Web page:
Fortunately, all of these foods can be found organic and functional. But note that olive oil is no stranger to mislabeling—Forbes reported that a large percentage of olive oil is, at best, not extra virgin (8). Buy from a small farm or co-op, or a reputable company. Carlson Nutritional Supplements sells extra virgin olive oil from Crete, Greece—and it comes blended with sustainably-sourced fish oil, for that extra heart health hit. Carlson sells it in packets, too, so those who hate soggy salads can package their salad for work and add olive oil right before eating—and, hopefully, right after the vinegar, so that their salad can absorb the vinegar before the oil makes it waterproof.

Wine can be organic, too—Frey Vineyards has been selling organic, gluten-free wine without added sulfites since 1980, and was the first winery in the U.S. to be certified Biodynamic. Besides just being free of toxic chemicals, Frey’s website cites a study from UC Davis, California, showing that organic fruits and berries have up to 58% higher antioxidants than non-organic (9).

This might all expose a problem for busy customers: There’s not much to eat on a Mediterranean diet that’s quick-and-easy. Jumpstart them with some slow cooker recipes: Maybe ease them in with garlic parmesan chicken and potatoes, found on, with a prep time of 10 minutes and a cook time of eight hours—the ideal workday dinner (10). Similarly, the Lemon Basil Ratatouille found on has 10 minutes of prep time and 5 minutes of cook time, along with a variety of vegetables (11). That particular recipe has a helpful note at the end: When working with eggplant, slice it, sprinkle on some sea salt, and let it sit. Soak up whatever liquid comes out, and the eggplant won’t come out with a bitter taste.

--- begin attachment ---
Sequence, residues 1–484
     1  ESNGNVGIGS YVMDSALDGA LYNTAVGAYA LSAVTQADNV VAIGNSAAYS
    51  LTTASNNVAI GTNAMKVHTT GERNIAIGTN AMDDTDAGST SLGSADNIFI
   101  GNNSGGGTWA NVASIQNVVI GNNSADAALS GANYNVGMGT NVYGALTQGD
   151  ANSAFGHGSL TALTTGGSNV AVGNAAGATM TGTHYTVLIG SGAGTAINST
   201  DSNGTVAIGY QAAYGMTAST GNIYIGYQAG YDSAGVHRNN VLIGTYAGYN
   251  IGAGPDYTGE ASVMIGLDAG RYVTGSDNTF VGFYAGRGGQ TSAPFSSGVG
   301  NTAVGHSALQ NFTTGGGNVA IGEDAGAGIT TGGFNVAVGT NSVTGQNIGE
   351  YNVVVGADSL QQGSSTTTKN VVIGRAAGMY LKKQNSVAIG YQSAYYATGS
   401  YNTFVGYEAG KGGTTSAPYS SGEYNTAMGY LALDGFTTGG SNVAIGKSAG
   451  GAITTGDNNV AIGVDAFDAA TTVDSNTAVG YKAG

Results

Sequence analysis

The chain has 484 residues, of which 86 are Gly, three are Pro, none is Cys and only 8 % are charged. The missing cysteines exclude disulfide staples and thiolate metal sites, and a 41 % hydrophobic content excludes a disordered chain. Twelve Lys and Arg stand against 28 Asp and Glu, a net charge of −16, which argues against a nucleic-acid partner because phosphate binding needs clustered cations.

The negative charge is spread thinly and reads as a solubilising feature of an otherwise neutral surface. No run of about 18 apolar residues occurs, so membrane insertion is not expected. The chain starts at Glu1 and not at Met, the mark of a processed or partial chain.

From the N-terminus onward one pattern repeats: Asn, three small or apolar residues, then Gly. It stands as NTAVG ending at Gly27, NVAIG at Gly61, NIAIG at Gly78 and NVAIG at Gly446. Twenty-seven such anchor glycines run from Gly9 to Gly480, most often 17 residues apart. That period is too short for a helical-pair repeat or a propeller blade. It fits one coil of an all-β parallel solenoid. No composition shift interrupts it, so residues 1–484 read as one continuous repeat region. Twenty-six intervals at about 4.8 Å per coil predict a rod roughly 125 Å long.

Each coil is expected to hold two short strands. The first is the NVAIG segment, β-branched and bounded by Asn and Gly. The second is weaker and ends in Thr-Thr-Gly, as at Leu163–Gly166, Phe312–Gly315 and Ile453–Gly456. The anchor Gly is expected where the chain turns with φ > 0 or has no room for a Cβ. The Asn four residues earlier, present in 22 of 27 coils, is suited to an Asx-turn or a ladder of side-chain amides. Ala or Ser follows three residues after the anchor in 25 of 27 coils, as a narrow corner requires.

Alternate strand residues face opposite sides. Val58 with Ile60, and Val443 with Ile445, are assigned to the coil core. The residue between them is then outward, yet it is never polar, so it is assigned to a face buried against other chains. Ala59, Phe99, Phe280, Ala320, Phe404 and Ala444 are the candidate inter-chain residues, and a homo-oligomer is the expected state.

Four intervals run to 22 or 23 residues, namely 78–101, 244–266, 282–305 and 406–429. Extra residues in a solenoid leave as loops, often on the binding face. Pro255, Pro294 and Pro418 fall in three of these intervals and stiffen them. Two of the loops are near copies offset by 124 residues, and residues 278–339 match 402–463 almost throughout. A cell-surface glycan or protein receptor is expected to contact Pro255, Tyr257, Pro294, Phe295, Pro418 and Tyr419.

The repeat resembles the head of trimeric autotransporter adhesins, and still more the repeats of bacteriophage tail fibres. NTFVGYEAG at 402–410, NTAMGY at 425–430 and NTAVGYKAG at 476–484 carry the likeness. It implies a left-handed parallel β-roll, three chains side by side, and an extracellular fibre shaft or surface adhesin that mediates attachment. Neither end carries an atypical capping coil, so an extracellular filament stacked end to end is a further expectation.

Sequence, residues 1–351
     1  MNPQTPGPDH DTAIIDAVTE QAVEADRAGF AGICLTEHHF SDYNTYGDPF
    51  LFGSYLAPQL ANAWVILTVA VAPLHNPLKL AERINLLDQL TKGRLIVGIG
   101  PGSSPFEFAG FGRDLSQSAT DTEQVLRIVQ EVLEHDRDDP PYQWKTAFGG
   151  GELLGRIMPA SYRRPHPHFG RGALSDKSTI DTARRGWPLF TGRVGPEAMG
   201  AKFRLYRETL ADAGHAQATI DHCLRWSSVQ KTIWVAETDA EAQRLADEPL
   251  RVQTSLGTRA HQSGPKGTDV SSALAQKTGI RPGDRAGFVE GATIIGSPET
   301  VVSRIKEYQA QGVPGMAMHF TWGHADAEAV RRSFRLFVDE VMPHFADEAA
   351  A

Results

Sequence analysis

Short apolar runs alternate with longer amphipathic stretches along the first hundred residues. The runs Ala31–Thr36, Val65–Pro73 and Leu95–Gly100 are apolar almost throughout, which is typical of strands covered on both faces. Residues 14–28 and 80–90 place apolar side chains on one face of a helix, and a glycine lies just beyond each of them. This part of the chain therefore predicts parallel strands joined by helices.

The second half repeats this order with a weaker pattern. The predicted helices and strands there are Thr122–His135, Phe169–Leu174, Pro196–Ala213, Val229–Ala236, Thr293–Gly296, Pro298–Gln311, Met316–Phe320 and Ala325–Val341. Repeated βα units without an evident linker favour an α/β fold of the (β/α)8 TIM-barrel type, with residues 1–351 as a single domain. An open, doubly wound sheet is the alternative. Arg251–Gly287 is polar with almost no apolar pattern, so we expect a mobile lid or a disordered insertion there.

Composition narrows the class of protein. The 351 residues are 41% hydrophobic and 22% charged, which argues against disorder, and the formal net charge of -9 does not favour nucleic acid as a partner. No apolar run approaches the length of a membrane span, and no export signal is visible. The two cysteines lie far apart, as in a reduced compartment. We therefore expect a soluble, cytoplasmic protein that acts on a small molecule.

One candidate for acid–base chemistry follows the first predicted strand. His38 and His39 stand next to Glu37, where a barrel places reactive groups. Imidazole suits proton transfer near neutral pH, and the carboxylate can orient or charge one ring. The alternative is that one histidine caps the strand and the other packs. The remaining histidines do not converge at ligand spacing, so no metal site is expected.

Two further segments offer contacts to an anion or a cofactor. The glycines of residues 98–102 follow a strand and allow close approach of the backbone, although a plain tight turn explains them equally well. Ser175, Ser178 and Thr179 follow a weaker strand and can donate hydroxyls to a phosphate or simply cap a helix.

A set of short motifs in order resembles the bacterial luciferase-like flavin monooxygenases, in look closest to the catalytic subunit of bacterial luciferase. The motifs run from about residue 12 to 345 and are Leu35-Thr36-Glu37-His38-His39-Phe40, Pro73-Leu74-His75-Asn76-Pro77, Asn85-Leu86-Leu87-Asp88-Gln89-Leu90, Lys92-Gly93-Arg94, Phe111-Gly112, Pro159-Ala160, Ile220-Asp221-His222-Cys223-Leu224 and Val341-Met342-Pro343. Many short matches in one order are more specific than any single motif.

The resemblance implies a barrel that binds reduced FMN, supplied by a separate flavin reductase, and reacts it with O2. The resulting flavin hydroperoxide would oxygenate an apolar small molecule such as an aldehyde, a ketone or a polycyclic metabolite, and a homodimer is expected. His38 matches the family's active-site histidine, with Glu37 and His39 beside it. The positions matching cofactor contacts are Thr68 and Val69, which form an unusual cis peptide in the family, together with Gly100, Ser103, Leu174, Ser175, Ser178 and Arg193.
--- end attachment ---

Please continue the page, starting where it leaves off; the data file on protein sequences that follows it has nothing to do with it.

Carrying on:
All else fails—go back to that Gourmet Mediterranean Cuisine for Children cookbook by Sabanci. It says children, but adults can appreciate Zucchini Au Gratin or Pearly Pasta with Buffalo Mozzarella and Fresh Basil just as much as any kid, and with 154 recipes, there’s plenty that’ll work for a weeknight. And while the emphasis with Mediterranean is on fresh foods, there are a few convenience foods that can be found pre-packaged—and organic—like hummus. Try Tribe: organic, non-GMO, with no artificial preservatives, and in a variety of flavors. For other pre-packaged Mediterranean foods, look into Cedar’s. Tzatziki, salads, pita chips, dips, and salsa—Non-GMO Project Verified, USDA Organic, and certified gluten-free. Cedar’s has snack packs, too, perfect for school or work lunches.

Customizing with Supplements In spite of all the freedom allowed on Mediterranean, there are places it can fall short. Those on this diet might want to take stock of what they’re cutting out of it, and consider some of the following supplements:

Resveratrol. One major perk is that wine is worked into and encouraged in Mediterranean, but there are plenty of people who can’t or don’t drink. If your customer isn’t looking to make wine part of their lifestyle, they might want to start taking a resveratrol supplement. It’s a polyphenol: found in red grapes, peanuts, and berries, it’s thought to act like an antioxidant (12). It can also help prevent insulin resistance (12).

Vitamin B12. The dietary source for this vitamin comes from animals, and while it can be found in feta cheese, sardines, and eggs, most people get their dietary intake from red meat like lamb or beef. If your customers decrease or nix their red meat intake, this is an important supplement to consider. It’s used in the production of energy, and it benefits mood, memory, digestion, and hormonal balance, among others, making it invaluable (13).

Vitamin D. The Mediterranean is a sunny area. Depending on where you and your customers are located—or depending on whether or not your customers get plenty of time outdoors—it’s worth it to invest in this supplement, which is necessary for the absorption of calcium and phosphorous and helps maintain proper bone structure (14).

Omega-3. This one might come as a surprise to your customers—omegas are half the point of eating seafood. But if the dieter in question is starting this diet expressly for the sake of enjoying its cardioprotective benefits, they might want to know that, according to one study, achieving a cardioprotective level of omega-3 in the blood required both three fish meals per week and supplement usage (15). This is also a worthwhile supplement for those who just don’t like fatty fish.